Gadgets Magazine

Life, the Game: Five Apps Set to “Gamify” Your Existence

Posted on the 18 February 2015 by Nrjperera @nrjperera

“Gamification,” or applying game thinking to non-game scenarios, is a concept as old as mobile phones themselves – possibly even older. The basic idea is easy enough to understand; by turning your life into a game with real-life or digital rewards, you’ll gain the motivation necessary to complete the tasks at hand. In recent years, app developers have jumped to create new tech tools that will get users gaming their way to personal success. Read on for five of the best!

Mint

Mint

A personal finance app and website, Mint appeared on the scene in late 2008. Since then, it’s been downloaded by over 15 million users. Providing a glimpse into the financial future, it allows users to track bank, credit card, investment, and loan transactions and balances through a single user interface. So far, it’s proven wildly popular in the “Banking 2.0” space.

Mint’s money management tools are most helpful for things like budgeting and goal setting, as it conveniently aggregates all your financial information and displays it on the home dashboard. As of September 2014, it also offers free credit score services.

It’s “game” features challenge users to keep up with their self-imposed financial restraints. Feel the shame and embarrassment of seeing your finances slide into the red when you overindulge at your favorite restaurant, or experience a brief moment of elation when you finally hit your target savings. Either way, it’s a valuable tool for those trying to learn money management skills.

Chore Wars

chore-wars

For all the nasty and unpleasant things that need to be done around the house, this app hopes to turn them into a fun digital adventure. Chore Wars makes doing the dishes, vacuuming and cleaning up laundry into a role playing game with all the excitement of Dungeons and Dragons – after setting up a “Party” for your office or household, you can invite members to claim chores and get to work as “Apprentices.” The ruling Dungeon Master oversees the entire operation, assigning a character for each person participating, listing the necessary chores and assigning “experience” points for each task. When players encounter monsters along the way, these points are factored in – providing extra incentive to finish the chores at hand in a timely and efficient manner.

Wellapets

wallapets

Conceived by a team of Harvard Medical School students, this pediatrician-approved app helps teach children how to manage their asthma symptoms. Alex Ryu, 25, released Wellapets last year with three other students while working with pediatricians from Boston Children’s Hospital. The app, which focuses on keeping a virtual “Wellapet” alive and healthy, is colorful, fun and easy for children above the age of 6 or 7 to use.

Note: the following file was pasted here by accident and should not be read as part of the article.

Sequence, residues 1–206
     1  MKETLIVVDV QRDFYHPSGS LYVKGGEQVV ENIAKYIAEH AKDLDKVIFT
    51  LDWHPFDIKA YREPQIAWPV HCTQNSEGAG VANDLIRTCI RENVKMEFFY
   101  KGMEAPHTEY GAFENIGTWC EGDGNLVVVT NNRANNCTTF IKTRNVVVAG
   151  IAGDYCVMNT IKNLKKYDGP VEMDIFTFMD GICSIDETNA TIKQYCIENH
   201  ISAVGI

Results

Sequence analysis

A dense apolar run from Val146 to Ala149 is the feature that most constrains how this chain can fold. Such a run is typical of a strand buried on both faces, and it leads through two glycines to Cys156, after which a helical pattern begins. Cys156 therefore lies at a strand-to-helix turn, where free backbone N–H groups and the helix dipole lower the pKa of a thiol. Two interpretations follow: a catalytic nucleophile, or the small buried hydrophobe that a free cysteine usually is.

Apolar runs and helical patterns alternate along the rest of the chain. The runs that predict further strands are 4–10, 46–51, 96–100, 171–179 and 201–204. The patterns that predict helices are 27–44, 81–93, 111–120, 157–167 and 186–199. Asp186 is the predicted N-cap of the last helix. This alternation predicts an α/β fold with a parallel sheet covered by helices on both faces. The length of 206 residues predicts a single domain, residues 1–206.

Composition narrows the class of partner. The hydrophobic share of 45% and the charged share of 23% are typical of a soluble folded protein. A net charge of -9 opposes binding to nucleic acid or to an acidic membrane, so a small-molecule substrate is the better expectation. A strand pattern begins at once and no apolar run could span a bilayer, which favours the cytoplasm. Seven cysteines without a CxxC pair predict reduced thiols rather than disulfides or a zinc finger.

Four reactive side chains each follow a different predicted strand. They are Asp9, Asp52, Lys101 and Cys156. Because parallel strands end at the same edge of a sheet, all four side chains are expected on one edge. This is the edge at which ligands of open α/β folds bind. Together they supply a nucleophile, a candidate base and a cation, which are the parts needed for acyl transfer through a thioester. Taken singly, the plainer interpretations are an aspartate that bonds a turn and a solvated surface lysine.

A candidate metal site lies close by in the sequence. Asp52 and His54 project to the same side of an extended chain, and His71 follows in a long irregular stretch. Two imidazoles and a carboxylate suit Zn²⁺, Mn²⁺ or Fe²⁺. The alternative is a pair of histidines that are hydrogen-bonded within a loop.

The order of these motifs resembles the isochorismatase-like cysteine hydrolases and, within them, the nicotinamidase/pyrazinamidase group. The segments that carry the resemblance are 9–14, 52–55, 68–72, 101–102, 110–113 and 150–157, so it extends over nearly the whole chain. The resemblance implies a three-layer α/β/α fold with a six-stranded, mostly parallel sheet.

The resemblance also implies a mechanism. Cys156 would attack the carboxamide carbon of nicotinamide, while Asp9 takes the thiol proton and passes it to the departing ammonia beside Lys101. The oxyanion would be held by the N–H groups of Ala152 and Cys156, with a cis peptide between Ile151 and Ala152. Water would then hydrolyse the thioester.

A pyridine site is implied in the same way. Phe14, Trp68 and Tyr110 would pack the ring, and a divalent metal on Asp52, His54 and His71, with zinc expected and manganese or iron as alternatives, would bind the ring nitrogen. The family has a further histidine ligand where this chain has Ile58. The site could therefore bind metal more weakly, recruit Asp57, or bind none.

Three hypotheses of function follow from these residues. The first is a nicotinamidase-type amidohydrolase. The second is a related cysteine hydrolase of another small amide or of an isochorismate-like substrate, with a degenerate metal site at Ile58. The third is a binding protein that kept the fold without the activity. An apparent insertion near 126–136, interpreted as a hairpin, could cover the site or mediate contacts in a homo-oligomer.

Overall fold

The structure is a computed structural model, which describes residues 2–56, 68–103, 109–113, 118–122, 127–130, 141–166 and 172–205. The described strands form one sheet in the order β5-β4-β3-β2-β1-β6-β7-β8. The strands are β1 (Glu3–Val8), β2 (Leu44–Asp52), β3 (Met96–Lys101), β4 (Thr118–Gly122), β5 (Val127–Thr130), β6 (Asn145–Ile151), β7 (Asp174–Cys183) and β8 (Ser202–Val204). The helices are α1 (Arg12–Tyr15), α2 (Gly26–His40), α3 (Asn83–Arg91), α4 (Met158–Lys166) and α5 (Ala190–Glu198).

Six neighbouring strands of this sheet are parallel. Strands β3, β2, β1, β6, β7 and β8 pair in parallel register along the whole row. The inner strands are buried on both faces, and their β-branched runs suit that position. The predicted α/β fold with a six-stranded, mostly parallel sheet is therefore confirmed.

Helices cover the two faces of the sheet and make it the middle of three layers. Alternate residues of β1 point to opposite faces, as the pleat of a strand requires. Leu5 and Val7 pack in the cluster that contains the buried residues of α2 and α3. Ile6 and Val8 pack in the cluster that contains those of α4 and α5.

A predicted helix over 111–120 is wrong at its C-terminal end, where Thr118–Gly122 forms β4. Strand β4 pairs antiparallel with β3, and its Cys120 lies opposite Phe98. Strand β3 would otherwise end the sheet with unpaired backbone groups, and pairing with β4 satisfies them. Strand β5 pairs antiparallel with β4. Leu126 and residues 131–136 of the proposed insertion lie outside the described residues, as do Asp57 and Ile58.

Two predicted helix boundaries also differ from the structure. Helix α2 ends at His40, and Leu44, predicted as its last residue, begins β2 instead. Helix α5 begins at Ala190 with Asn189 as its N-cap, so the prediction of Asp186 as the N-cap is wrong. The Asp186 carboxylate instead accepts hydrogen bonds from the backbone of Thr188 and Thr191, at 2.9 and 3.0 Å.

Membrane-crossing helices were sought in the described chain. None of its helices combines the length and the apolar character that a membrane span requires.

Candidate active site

“The greater vision is to use the virtual pet through a series of games to make children smarter and healthier,” Ryu said. He also hopes to create other games that tackle similar issues, possibly relating to children’s food allergies.

Brusheez Little Monsters Toothbrush Timer

Brusheez

This app aims to help parents of cavity-ridden kids find a way to make their youngster a better brusher. By bringing colorful characters to life, kids can be convinced to improve their dental health alongside new digital friends. The creator of the app, inspired by the daily dental battles that occurred between himself and his own son, picked up a sketchbook and drew silly monsters that would appeal to young, toothbrush-averse individuals. After using his son’s input to write the music and design the overall look of the game, the Little Monsters Toothbrush Timer was born. Simply choose a monster character, set the timer within the free app and get ready to “brush and dance!”

Tinder

Tinder-app

You may have heard about this app, but not have known that the experience of using it is sort of like going on safari in the digital jungle. It’s the best app on the market for desperate singles, bored housewives/husbands, and everyone in between.

To play, users are shown photos of potential matches within a given radius, and can swipe right to ‘like’ and left for a ‘nope.’ Mutual right swipes will result in a match, followed by a screen prompting users to choose between sending a message or resuming “play.” Ideal for fast flings, this app doesn’t waste time examining the necessary foundations for lasting love. But it does, however, understand the primal urges behind horny hook ups. It succeeds in keeping the spotlight on “playing the game” and meeting new people, making the search for a soul mate as lighthearted as possible.

About the author -:

Beth Kelly is a freelance writer and blogger. Born and raised in Michigan, she moved to Chicago to attend DePaul University where she graduated with a BA in Communications and Media. She lived in Krakow, Poland briefly before moving to South Korea to teach English. She now spends most of her time in front of a glowing computer screen, but loves kayaking and swimming outdoors whenever she can. Follow her on Twitter



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